The first set of randomized trials from 2012 to 2016
CLOSURE-1 was the first multicentre RCT comparing percutaneous closure with medical therapy over two years follow-up, in 909 patients aged 18 to 60 with a cryptogenic stroke and PFO (35) (Table 2). Percutaneous closure was with the STARFlex device (NMT Medical) and after the procedure, patients were given aspirin and clopidogrel for 6 months and aspirin alone up to 2 years. Patients assigned to medical therapy were treated with warfarin [target international normalised ratio (INR) 2.0 to 3.0], aspirin, or both. Device implantation was successful in 89.4% of patients, and at 2 years there was no significant difference in recurrent stroke/TIA between the device (5.5%) and medical therapy (6.8%) groups [adjusted hazard ratio (HR) 0.78, 95% confidence intervals (CI) 0.45–1.35, P=0.37). The respective rates in the device and medical arms were 2.9% and 3.1% for stroke (P=0.79) and 3.1% and 4.1% for TIA (P=0.44). There was also no difference in treatment effect between various subgroups, including those defined by shunt size or the presence/absence of an ASA. No deaths occurred during the study, and there were no significant differences in the rates of serious adverse events between the two groups (P=0.90). However, the closure group had a 3.2% rate of major vascular complications and substantially higher rates of atrial fibrillation (AF) (5.7% vs. 0.7%, P<0.001); most of this (61%) was periprocedural, within 30 days of implantation. A purported explanation for the negative result in this trial is issues with the STARFlex septal closure device itself, as the rate of effective closure at 6 months was 86.1% (14% had residual right-to-left shunting), although none of the patients in the closure group who had a recurrent stroke or TIA had a residual shunt.
The PC trial was a multicentre RCT comparing closure with medical therapy in 414 patients less than 60 years of age with PFO and cryptogenic ischaemic stroke, TIA or an extracranial peripheral thromboembolic event (36) (Table 2). The closure device used was the Amplatzer PFO Occluder (St. Jude Medical) and antithrombotic treatment post-procedure consisted of aspirin for at least 5 to 6 months and ticlopidine or clopidogrel for 1 to 6 months. In the medical therapy arm, treatment was antiplatelet and/or anticoagulation. The primary prespecified endpoint was a composite of death, nonfatal stroke, TIA, or peripheral embolism; with a mean duration of follow-up of 4.1 and 4.0 years in the closure and medical therapy arms respectively. Implantation was deemed to be successful in 188 of 196 (95.9%) in the closure group, and at 6 months TOE showed effective closure with no/minimal shunt in 95.9% of these. In the medical therapy arm, antiplatelet therapy was more commonly administered (73.8%) than oral anticoagulation (30.5%). There was no difference in the primary outcome between the two groups (3.4% vs. 5.2% in device vs. medical arms respectively) (HR 0.63, 95% CI: 0.24–1.62, P=0.34) over the study period. Stroke (0.5% vs. 2.4%, HR 0.20, P=0.14) and TIA (2.5% vs. 3.3%, HR 0.71, P=0.56) both occurred less in the closure group but neither demonstrated a statistically significant difference. There was no interaction detected between the two arms with subgroup analyses either, including with age (P=0.10) and presence of ASA (P=0.09). In the closure and medical treatment groups respectively, serious adverse events occurred in 21.1% and 17.6% of patients, new onset AF was detected in 2.9% and 1.0% (HR 3.15, P=0.16), and bleeding occurred in 3.9% and 5.7% (HR 0.66, P=0.40). The major limitation of the PC trial was that it was “underpowered” and hence prone to an inability to detect a clinically relevant benefit of PFO closure. Furthermore, inclusion of patients with a noncerebral peripheral thromboembolic event led to recruitment of a study population different to most other PFO studies, and there was a crossover rate of 13.3% of patients from the medical therapy arm who subsequently underwent PFO closure.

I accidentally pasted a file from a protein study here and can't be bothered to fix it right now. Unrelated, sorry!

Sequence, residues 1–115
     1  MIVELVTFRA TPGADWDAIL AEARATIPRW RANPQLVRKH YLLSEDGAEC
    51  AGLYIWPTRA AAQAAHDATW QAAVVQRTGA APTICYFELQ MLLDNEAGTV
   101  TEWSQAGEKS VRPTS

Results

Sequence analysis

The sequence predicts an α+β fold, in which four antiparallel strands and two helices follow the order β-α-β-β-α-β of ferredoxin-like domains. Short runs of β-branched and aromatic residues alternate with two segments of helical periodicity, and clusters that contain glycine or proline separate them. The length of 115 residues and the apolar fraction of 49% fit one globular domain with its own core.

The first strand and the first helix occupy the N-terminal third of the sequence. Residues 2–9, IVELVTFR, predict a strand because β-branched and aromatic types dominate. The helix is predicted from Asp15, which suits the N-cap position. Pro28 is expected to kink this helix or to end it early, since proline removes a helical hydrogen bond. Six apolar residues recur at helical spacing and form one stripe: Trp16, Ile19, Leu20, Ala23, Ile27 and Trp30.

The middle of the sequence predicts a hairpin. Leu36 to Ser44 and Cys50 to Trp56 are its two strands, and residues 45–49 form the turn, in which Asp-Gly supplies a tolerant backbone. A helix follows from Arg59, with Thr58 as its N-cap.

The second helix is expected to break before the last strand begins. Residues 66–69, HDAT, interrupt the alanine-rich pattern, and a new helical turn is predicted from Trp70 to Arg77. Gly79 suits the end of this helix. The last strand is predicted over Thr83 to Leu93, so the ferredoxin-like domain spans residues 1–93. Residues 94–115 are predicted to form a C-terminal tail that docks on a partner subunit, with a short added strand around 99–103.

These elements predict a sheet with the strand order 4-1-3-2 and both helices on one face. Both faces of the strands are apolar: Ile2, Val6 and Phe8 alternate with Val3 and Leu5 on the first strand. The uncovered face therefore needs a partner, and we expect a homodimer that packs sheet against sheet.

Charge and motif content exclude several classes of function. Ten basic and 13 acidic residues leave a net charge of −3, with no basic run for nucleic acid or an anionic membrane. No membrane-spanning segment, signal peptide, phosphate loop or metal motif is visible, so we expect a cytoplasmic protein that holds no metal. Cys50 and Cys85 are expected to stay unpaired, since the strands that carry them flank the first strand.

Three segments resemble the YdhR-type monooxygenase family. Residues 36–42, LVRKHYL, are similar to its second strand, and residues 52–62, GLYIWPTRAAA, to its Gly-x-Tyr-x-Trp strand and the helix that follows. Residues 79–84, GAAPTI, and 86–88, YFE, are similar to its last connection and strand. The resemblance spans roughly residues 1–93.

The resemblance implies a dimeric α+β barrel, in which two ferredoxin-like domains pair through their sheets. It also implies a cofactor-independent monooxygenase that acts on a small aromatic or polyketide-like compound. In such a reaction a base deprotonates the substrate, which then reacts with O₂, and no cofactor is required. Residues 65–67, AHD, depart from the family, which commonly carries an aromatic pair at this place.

Finally, the RESPECT trial was a prospective, multicentre RCT comparing closure with medical therapy in 980 patients aged 18 to 60 (mean age 45.9 years) with a cryptogenic stroke and PFO identified (37) (Table 2). In this study, shunt size was classified as grade 1 (1 to 9 microbubbles within 3 cardiac cycles), grade 2 (10 to 20), and grade 3 (over 20). The closure device used was the Amplatzer PFO Occluder (followed by aspirin and clopidogrel for one month, then aspirin alone for 5 months), and the medical therapy group received either aspirin (46.5%), clopidogrel (14.0%), warfarin (25.2%), aspirin with extended-release dipyridamole (8.1%), or aspirin and clopidogrel (6.2%), at physician discretion. The primary efficacy endpoint was a composite of recurrent ischaemic stroke or early death, with a mean follow-up of 2.6 years, although there was a substantially higher dropout rate in the medical (17.2%) than closure (9.2%) arm. In the closure group, the rate of procedural success with no in-hospital serious adverse events was 96.1%. Again, although there was a signal towards less events in the closure group (1.8%) than medical treatment (3.3%) (HR 0.49, 95% CI: 0.22–1.11, P=0.08), this was not statistically significant. However, the difference between the two groups was significant in the prespecified per-protocol cohort (HR 0.37, P=0.03) and in the as-treated cohort (HR 0.27, P=0.007), both favouring closure over medical therapy. Subgroup analyses suggested that closure may have a greater benefit in patients with a substantial right-to-left shunt (P=0.01) and in those with an ASA (P=0.02). The rate of serious adverse events did not differ significantly between the closure (23.0%) and medical therapy (21.6%) groups. The total incidence of AF did not differ between the closure (3.0%) and medical (1.5%) arms (P=0.13). Importantly, in the closure group, no recurrent strokes from AF or device thrombosis occurred. The key issue with the RESPECT trial was the lack of an adequate follow-up period, given the low number of events registered in younger patients who are at risk over an extended period. Furthermore, the difference in dropout rates between the two groups, which resulted in an unequal duration of exposure to the risk of recurrence, complicates result interpretation.